Ramona And Beezus
- B Community Grade
- Director: Elizabeth Allen
- Cast: Selena Gomez, Joey King, Ginnifer Goodwin
- Rated: G
- Running time: 104 minutes
Beginning in 1950, Oregon-born author Beverly Cleary began penning stories about the inhabitants of Portland’s Klickitat Street, an idyllic suburban anywhereland home to a handful of recurring characters who starred in books like Henry And Beezus and Ramona The Brave. A former children’s librarian, Cleary writes with gentle good humor that doesn’t shy away from the confusion and occasional humiliation that comes from being a kid, particularly a kid whose high spirits and overactive imagination makes her stick out from the pack. Generations of such kids have seen themselves in Ramona Quimby, a rambunctious, goodhearted troublemaker who moves to the big screen—alongside her older, more responsible sister Beezus—for the first time in Ramona And Beezus.
John Corbett and Bridget Moynahan co-star as the sisters’ parents, whose easygoing approach to child-rearing gets thrown for a loop when Corbett loses his job. In the spirit of misguided helpfulness, Ramona (Joey King) steps up with a series of schemes to save the family from the financial ruin and disintegration promised by one of her classmates. The film paces itself episodically to her get-rich-quick schemes as a pair of sweet courtships—one between Beezus (Selena Gomez) and a neighborhood kid, another between aunt Ginnifer Goodwin and her estranged high-school sweetheart Josh Duhamel—play out behind her.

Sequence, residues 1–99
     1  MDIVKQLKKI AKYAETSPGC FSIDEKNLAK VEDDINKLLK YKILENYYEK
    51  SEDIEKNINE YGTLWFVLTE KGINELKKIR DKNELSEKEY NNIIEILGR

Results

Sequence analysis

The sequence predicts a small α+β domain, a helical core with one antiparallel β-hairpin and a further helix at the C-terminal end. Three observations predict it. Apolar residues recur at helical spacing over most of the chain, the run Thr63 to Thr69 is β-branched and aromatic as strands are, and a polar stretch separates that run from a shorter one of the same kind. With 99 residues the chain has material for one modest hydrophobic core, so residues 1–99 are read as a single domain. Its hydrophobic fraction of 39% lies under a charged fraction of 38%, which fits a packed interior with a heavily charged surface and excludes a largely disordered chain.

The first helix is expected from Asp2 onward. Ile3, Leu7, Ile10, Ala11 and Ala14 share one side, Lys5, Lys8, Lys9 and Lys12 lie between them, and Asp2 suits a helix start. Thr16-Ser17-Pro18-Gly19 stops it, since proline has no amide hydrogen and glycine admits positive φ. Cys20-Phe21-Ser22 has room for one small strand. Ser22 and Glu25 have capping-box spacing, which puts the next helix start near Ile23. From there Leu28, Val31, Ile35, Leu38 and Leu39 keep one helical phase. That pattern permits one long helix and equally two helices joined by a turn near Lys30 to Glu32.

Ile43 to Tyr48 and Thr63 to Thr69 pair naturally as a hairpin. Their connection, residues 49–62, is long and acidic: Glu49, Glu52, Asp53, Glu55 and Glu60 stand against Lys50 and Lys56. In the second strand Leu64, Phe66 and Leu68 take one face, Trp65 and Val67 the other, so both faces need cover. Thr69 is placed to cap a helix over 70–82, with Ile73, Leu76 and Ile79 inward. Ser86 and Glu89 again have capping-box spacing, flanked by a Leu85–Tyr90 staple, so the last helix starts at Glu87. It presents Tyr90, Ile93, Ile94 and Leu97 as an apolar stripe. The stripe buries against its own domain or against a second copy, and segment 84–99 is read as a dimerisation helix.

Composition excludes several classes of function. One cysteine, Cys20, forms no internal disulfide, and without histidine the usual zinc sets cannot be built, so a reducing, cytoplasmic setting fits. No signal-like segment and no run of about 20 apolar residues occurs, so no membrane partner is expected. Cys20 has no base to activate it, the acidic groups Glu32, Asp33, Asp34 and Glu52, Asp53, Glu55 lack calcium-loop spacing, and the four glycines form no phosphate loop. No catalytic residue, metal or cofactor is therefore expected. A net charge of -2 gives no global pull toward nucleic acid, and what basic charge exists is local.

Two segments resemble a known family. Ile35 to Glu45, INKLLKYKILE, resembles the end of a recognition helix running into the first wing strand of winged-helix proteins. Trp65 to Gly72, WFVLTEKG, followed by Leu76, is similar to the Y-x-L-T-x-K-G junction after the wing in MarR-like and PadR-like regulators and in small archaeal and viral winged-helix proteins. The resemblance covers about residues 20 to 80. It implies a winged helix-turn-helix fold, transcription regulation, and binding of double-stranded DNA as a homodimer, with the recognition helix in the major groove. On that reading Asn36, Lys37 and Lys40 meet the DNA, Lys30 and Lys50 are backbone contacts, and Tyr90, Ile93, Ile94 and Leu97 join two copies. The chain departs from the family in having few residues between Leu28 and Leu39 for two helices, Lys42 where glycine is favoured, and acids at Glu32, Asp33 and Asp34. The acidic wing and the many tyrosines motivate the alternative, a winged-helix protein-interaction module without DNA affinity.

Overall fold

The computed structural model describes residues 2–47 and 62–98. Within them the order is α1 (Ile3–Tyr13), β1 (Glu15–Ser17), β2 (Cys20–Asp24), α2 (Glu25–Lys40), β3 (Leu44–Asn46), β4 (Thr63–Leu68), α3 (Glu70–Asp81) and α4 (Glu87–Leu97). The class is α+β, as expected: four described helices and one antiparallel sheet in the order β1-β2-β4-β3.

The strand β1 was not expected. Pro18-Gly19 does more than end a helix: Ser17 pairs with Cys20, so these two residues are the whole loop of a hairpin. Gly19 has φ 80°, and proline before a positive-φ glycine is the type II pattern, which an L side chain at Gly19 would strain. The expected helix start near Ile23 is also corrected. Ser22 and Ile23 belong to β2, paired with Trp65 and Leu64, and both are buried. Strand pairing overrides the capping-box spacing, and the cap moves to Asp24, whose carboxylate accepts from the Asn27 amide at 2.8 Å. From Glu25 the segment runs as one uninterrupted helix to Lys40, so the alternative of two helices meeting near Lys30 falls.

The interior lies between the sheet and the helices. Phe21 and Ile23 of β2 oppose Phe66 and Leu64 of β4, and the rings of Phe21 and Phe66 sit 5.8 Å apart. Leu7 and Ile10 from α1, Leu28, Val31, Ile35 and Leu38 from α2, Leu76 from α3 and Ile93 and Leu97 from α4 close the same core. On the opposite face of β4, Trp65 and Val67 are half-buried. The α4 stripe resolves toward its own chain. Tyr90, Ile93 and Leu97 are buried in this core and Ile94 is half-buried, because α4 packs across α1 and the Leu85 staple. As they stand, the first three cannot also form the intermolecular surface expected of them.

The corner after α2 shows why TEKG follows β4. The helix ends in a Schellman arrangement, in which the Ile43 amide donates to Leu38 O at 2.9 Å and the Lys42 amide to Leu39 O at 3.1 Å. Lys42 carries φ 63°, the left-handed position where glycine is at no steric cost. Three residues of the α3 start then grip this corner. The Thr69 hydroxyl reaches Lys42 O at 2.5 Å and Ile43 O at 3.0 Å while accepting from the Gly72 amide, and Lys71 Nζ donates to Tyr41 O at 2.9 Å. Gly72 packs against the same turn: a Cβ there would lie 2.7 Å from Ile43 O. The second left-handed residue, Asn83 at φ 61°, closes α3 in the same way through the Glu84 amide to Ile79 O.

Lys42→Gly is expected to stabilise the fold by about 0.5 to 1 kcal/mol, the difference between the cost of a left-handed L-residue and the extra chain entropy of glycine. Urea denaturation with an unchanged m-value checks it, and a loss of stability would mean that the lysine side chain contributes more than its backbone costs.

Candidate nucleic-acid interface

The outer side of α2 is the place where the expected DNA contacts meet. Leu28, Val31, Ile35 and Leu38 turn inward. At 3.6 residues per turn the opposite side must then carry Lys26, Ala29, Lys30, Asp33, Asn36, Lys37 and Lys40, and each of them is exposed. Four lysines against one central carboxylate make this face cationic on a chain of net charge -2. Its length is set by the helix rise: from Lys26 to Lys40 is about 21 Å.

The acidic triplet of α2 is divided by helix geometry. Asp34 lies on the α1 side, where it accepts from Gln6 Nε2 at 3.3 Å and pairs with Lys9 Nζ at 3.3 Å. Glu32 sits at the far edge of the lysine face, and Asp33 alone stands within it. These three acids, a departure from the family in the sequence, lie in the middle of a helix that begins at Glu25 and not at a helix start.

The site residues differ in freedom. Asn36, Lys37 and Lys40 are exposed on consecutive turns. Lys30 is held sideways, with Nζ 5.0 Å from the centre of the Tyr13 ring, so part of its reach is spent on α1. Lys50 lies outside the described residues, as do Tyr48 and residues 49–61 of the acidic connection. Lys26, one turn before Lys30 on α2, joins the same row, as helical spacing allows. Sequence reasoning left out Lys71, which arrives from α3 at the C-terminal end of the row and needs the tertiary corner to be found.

It’s a weird time to adapt Cleary’s books. They’ve aged well on the page, but their sweet, low-key tone makes them out of step with the sort of kids’ entertainment that tends to make it into theaters. (It’s no accident that Cleary was chosen to pen some Leave It To Beaver novels in the early ’60s.) So it’s tempting to praise Elizabeth Allen’s adaptation simply for not being an ADD-enabling spectacle along the lines of Robert Rodriguez’s Shorts, in spite of the handful of CGI fantasy sequences, and it’s worth noting that Allen coaxes sweet performances from her leads, particularly King, who makes for a rambunctious-but-not-obnoxious Ramona. If only Allen had avoided making Klickitat Street look like Blandsville, U.S.A. Ramona And Beezus has the undeniably nice, pleasantly uninspired feel of film designed to kill time with the kids on a rainy weekend. As such, there’s nothing really wrong with it. But there’s nothing amazingly right about it either, unless, of course, it sends young viewers marching off to libraries to find the real Klickitat Street for themselves.